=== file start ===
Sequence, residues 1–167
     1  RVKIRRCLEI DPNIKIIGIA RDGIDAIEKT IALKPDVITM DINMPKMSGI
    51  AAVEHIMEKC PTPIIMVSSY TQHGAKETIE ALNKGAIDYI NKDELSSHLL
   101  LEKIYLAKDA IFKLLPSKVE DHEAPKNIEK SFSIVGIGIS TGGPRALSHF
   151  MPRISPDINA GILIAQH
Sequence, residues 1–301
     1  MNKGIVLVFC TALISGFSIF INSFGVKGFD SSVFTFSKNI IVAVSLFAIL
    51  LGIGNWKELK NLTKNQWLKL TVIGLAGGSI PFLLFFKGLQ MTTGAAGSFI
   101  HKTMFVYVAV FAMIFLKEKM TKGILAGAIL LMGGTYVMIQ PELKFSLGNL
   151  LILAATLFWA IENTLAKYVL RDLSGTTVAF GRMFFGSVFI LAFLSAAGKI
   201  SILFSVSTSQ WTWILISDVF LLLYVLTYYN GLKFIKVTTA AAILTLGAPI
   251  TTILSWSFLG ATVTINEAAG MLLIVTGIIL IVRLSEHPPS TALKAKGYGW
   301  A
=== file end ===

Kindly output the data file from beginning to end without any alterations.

Sequence, residues 1–167
     1  RVKIRRCLEI DPNIKIIGIA RDGIDAIEKT IALKPDVITM DINMPKMSGI
    51  AAVEHIMEKC PTPIIMVSSY TQHGAKETIE ALNKGAIDYI NKDELSSHLL
   101  LEKIYLAKDA IFKLLPSKVE DHEAPKNIEK SFSIVGIGIS TGGPRALSHF
   151  MPRISPDINA GILIAQH
Sequence, residues 1–301
     1  MNKGIVLVFC TALISGFSIF INSFGVKGFD SSVFTFSKNI IVAVSLFAIL
    51  LGIGNWKELK NLTKNQWLKL TVIGLAGGSI PFLLFFKGLQ MTTGAAGSFI
   101  HKTMFVYVAV FAMIFLKEKM TKGILAGAIL LMGGTYVMIQ PELKFSLGNL
   151  LILAATLFWA IENTLAKYVL RDLSGTTVAF GRMFFGSVFI LAFLSAAGKI
   201  SILFSVSTSQ WTWILISDVF LLLYVLTYYN GLKFIKVTTA AAILTLGAPI
   251  TTILSWSFLG ATVTINEAAG MLLIVTGIIL IVRLSEHPPS TALKAKGYGW
   301  A